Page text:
What happens when a school district allows a transgender student to use the bathroom consistent with his or her gender identity? According to a recent article in The Miami Herald, not much.
After months of legislation and lawsuits aimed at prohibiting transgender individuals from using the restrooms that correspond to their gender identities, tens of thousands of words and hundreds of TV news hours have been expended attacking or defending the politics and legalities of the issue. In particular, school district policies regarding transgender students have been the focus of national attention, especially after the federal government released guidance on the rights of transgender students to public schools nationwide in May. Yet The Miami Herald reports that schools were accommodating these students two years before the current controversy.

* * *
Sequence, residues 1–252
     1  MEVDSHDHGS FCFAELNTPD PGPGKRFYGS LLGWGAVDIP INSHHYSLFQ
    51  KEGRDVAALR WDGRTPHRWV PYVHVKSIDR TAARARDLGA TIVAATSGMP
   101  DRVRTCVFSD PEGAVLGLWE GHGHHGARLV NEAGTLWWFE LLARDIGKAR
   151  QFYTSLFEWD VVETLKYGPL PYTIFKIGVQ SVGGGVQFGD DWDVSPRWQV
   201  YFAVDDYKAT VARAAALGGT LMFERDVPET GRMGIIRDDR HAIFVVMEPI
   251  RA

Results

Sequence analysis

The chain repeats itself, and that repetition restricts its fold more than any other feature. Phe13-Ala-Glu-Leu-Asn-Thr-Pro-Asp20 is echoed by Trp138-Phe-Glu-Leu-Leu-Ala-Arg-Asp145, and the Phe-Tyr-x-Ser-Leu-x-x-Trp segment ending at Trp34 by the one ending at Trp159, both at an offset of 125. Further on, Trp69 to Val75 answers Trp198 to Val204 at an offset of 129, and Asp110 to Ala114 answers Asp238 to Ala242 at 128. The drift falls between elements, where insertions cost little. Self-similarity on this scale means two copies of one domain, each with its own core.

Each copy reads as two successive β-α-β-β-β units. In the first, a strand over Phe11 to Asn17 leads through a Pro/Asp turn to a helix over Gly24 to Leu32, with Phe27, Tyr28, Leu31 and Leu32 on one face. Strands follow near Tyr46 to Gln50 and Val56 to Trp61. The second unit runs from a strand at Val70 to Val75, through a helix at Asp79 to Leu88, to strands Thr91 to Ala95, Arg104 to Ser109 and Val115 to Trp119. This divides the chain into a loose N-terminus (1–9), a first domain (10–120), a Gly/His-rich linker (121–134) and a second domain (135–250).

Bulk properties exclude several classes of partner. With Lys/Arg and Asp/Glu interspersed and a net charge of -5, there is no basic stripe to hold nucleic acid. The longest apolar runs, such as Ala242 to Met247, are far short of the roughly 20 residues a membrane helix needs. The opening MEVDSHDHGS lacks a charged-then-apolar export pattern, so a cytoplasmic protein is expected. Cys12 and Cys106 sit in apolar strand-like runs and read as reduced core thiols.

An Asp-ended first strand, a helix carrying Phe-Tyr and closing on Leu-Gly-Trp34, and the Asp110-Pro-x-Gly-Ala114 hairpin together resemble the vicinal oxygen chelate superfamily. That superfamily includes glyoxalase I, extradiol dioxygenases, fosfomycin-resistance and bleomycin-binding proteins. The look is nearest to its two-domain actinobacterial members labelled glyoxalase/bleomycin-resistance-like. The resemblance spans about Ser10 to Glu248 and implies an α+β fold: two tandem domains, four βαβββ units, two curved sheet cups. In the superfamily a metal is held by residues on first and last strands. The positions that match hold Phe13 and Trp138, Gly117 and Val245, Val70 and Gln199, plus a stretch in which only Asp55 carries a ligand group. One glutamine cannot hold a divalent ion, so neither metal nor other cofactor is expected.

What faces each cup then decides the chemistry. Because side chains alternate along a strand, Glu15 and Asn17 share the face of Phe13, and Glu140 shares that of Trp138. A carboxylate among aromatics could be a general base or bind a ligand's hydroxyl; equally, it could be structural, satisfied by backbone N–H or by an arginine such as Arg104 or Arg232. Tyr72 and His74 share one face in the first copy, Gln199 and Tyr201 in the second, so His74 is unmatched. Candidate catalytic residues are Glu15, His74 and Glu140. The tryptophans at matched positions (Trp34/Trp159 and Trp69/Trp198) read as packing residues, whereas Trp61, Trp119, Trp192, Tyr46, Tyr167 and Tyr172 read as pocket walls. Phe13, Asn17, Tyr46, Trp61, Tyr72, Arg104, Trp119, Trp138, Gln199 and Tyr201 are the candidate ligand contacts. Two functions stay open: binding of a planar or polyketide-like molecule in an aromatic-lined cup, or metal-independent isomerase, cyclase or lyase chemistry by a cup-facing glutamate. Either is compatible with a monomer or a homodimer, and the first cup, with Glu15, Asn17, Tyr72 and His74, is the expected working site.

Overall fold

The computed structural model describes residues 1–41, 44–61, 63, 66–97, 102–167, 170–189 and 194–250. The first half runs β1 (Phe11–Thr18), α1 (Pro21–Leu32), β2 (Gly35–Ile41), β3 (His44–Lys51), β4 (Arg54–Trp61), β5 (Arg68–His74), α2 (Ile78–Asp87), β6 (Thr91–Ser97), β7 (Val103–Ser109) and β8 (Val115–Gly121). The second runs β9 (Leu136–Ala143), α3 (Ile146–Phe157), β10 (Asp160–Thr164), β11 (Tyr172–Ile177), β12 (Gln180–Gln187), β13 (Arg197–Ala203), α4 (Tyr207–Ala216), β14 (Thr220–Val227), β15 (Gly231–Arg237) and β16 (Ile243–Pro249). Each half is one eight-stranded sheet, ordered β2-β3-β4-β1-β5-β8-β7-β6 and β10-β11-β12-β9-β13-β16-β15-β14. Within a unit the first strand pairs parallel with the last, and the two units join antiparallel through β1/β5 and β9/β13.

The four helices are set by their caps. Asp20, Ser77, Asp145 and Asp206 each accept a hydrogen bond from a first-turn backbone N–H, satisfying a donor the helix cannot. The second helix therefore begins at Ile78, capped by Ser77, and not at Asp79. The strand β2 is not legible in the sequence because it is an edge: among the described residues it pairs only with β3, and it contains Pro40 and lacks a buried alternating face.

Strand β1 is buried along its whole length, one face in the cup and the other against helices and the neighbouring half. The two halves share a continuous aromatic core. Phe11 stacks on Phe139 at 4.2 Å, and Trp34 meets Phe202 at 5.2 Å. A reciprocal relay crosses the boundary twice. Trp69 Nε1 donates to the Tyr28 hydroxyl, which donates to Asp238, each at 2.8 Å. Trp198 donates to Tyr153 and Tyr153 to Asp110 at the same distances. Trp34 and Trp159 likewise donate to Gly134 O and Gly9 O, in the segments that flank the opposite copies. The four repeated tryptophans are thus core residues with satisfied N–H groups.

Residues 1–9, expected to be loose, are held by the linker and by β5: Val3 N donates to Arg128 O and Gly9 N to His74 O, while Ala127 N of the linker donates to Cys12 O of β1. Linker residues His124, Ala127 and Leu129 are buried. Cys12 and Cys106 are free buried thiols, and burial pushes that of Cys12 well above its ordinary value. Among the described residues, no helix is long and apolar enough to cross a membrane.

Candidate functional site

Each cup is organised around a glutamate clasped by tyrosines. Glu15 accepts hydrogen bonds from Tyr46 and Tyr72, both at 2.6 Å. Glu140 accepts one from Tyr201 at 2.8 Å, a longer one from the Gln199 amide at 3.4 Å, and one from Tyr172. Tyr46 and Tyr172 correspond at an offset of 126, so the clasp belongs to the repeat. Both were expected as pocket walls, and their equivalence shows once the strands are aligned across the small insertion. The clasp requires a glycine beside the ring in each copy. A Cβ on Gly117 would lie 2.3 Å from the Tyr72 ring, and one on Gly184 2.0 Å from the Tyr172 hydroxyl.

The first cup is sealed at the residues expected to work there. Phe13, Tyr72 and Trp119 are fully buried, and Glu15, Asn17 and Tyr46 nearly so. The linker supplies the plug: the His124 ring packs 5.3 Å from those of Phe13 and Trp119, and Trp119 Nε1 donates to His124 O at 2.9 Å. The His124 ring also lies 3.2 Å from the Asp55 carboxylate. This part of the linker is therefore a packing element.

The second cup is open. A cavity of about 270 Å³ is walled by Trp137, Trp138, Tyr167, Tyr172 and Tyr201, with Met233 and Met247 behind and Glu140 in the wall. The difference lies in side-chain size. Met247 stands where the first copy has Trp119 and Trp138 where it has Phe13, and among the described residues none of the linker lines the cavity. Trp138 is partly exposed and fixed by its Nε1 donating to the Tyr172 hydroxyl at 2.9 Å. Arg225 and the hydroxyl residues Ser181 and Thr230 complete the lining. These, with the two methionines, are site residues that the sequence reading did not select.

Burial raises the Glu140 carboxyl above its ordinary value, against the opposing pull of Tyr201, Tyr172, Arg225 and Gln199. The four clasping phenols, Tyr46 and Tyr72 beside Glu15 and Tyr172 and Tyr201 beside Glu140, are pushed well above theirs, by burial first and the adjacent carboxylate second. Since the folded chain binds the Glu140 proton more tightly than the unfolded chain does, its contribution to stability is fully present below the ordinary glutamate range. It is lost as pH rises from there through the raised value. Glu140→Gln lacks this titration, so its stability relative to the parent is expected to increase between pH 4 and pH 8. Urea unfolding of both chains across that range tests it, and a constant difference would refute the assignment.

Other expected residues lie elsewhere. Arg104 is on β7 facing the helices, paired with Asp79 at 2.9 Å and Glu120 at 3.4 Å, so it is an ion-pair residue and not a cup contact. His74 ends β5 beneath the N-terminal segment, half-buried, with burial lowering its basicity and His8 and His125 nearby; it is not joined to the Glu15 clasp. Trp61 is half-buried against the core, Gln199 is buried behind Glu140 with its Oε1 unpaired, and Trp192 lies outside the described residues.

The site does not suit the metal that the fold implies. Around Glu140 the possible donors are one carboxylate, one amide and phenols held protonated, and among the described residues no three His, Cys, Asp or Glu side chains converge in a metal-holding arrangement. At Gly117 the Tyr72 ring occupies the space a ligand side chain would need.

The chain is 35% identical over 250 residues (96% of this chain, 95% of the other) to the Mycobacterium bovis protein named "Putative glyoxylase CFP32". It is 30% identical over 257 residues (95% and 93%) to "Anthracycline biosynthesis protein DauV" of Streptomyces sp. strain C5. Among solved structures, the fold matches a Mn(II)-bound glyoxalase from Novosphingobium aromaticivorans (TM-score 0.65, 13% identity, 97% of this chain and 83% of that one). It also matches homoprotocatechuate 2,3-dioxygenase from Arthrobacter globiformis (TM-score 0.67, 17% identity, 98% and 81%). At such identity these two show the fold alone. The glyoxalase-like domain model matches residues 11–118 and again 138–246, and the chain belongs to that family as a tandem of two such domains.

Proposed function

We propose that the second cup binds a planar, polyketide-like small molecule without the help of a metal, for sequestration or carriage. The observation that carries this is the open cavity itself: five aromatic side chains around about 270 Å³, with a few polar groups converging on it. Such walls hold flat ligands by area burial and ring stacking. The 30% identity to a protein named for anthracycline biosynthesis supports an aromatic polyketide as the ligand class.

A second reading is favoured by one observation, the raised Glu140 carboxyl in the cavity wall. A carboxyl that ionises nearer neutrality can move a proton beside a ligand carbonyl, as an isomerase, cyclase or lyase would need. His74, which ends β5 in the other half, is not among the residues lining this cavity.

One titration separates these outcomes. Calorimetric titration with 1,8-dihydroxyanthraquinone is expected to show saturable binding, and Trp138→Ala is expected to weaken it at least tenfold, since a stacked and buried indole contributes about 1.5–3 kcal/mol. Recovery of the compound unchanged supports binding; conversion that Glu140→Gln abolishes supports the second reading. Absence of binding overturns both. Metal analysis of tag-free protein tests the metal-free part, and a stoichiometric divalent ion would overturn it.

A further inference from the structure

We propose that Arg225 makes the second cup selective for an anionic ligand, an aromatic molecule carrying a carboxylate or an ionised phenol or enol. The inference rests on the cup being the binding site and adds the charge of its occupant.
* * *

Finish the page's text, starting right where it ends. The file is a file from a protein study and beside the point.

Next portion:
"Although some state attorneys general and legislators have taken the federal government to court over its directive instructing all public school districts to allow transgender students to use restrooms that match their gender identity, school districts in those very states have quietly dealt with the issue with relative ease," the article says, citing public school districts in Missouri, Kentucky, Massachusetts, Washington, California, and Iowa.
Experts in the LGBT community agree.
"If [politicians] were listening to local authorities," Gay, Lesbian and Straight Education Network Executive Director Eliza Byard told The Miami Herald, "they'd get out of the way."
Kudos to these local school districts for accommodating vulnerable students. It's obvious they managed to do so without inciting anarchy. They've established excellent examples for other school districts to follow— and they've shown just how hollow the Religious Right's fear-mongering really is.